You remember my slow cooker? The one I broke? Twice? I really didn't want to buy a new one, because I had already done that once and it's important to me to make things last. (Evidence: My husband's car has 175,000 miles. My car, "the new one," has 95,000 miles, and we aren't considering a car purchase anytime soon.) Before I replaced my cooker, I got in touch with Brenton Sadreameli of Mr. B's Sustainable Glassworks, known for their authentic bottleneck guitar slides and other sustainable glassware.
I took my chipped slow cooker liner down to his shop and Brenton went right to work. He told me his plan — something involving sanding, ceramic paint and a kiln — but I wasn't really listening, because I was doing my best not to let the two seven-year-old assistants who came with me destroy anything.
The shop is full of wine and liquor bottles, supplied to Mr. B by "restaurants, bars and winos" right here in Columbia, South Carolina. My assistants were intrigued by the bottles as well as the power tools. I escorted them to the plant nursery next door, which seemed safer.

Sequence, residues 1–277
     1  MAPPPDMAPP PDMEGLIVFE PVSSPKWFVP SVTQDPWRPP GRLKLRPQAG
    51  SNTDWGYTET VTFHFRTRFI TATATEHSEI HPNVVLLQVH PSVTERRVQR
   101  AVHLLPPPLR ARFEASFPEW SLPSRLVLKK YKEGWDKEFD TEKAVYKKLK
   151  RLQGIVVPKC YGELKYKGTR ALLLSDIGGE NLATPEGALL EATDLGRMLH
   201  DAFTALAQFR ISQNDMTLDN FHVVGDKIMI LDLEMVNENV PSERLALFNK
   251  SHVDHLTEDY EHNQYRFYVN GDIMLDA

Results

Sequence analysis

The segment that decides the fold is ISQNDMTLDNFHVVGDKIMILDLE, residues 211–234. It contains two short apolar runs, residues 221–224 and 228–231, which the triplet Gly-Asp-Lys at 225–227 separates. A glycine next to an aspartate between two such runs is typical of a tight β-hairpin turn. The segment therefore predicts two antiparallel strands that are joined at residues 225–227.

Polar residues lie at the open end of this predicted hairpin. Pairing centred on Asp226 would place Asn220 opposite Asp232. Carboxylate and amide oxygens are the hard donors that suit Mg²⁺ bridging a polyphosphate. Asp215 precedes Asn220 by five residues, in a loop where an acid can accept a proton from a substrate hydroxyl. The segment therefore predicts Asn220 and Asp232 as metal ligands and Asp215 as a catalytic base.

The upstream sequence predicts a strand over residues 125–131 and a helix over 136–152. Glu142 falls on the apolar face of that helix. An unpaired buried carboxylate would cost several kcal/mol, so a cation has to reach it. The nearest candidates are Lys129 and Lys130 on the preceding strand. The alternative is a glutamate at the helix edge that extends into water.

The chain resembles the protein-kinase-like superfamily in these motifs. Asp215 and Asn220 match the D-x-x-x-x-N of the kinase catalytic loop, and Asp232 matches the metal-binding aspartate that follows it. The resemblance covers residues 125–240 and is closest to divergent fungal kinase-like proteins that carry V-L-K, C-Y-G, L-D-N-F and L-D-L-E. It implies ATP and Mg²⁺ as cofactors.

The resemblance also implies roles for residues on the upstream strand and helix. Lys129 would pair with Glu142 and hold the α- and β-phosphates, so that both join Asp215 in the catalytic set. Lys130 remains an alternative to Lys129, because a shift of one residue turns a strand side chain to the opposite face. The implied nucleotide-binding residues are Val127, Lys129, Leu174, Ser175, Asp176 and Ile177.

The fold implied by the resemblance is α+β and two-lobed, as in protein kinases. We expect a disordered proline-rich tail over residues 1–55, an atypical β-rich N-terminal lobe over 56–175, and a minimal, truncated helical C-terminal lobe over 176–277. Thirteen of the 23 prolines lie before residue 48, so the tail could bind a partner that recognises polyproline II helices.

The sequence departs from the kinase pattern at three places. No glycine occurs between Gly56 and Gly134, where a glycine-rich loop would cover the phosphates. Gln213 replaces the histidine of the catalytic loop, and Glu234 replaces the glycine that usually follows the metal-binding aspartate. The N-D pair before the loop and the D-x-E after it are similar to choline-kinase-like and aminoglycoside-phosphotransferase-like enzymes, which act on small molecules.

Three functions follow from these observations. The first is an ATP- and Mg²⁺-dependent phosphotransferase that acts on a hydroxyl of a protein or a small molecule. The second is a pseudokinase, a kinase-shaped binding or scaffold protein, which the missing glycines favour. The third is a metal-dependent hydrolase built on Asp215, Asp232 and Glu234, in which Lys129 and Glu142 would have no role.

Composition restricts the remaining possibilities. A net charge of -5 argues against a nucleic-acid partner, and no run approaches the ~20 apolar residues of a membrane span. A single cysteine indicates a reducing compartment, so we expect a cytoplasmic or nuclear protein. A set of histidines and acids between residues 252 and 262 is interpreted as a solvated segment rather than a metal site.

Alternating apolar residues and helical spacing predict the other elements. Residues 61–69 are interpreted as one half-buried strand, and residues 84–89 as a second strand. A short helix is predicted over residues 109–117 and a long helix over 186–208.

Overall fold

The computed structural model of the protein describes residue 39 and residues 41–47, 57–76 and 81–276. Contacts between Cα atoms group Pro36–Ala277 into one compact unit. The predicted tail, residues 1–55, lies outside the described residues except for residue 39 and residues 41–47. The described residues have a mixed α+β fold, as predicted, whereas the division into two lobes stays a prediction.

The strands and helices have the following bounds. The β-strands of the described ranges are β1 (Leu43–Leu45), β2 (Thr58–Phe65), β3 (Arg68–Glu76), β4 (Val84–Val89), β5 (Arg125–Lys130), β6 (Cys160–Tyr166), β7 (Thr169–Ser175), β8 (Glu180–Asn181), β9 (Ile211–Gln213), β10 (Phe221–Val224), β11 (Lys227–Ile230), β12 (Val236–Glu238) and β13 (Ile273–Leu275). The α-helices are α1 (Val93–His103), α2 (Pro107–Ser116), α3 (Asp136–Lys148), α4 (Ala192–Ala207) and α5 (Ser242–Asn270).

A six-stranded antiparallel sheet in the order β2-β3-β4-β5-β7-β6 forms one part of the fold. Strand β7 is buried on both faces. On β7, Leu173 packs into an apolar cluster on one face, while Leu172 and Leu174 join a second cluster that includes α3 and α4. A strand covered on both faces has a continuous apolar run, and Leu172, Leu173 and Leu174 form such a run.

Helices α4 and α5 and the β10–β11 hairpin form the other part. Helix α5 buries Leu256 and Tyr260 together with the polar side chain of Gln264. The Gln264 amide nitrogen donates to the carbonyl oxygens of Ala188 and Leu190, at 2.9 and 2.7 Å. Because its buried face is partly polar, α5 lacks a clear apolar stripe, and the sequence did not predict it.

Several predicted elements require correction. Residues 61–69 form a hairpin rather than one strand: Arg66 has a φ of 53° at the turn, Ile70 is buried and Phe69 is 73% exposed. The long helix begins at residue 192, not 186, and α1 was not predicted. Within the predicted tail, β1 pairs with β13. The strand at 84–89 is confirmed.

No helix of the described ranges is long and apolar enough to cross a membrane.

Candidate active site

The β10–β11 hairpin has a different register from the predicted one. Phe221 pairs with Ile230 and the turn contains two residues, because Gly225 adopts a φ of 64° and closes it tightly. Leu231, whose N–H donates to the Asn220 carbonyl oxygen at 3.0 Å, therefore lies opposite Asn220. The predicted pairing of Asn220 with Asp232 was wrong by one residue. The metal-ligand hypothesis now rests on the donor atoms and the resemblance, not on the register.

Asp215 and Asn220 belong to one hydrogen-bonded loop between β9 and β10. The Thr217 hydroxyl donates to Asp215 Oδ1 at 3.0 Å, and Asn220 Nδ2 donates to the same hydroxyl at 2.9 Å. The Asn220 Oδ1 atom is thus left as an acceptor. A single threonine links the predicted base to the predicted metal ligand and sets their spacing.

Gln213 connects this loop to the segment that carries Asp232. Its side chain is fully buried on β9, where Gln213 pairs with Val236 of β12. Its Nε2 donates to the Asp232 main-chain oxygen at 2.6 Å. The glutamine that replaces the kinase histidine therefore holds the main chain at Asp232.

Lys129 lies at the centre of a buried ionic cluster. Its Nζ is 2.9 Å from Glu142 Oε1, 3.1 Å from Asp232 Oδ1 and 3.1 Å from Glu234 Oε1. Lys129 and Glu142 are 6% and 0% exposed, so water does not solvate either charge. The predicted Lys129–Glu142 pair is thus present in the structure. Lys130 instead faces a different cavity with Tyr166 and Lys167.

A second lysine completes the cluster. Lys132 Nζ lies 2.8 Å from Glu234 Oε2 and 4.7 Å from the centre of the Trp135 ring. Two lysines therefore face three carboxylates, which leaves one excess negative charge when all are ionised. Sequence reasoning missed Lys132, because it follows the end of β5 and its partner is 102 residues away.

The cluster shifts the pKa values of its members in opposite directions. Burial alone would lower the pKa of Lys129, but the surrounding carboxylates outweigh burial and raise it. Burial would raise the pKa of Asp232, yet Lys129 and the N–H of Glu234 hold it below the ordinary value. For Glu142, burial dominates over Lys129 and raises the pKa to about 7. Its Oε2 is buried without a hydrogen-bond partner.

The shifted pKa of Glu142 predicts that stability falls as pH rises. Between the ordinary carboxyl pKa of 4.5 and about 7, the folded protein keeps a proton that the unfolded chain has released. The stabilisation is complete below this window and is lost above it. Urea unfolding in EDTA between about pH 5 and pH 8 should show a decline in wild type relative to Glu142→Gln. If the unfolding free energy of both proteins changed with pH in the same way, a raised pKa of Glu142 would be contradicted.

When we returned, Brenton — a perfectionist — asked if he could keep the liner an extra day. He wanted to improve on his original fix and sculpt a spout into the liner. Conveniently, I had cracked the corner, which made this an excellent idea.
Now that I am the proud owner of a custom Mr. B's Sustainable Glassworks slow cooker, I've since made duck stock, and the new spout made straining it a lot easier. Bonus: When Brenton delivered the liner, he also fixed a broken door in our home. This guy is a good friend to have.
In theory, I would rather have something fixed than buy a new one. These days, that isn't always practical. Either no one knows how to fix it, or the repair costs more than a replacement. I keep meaning to take a few classes in small electrics, carpentry and auto repair, but I never quite get around to it.
Visit Mr. B: Mr. B's Sustainable Glassworks in Columbia, South Carolina
How far will you go to fix something? Are you a do-it-yourselfer or do you call on friends and professionals?
(Image credits: Anne Wolfe Postic)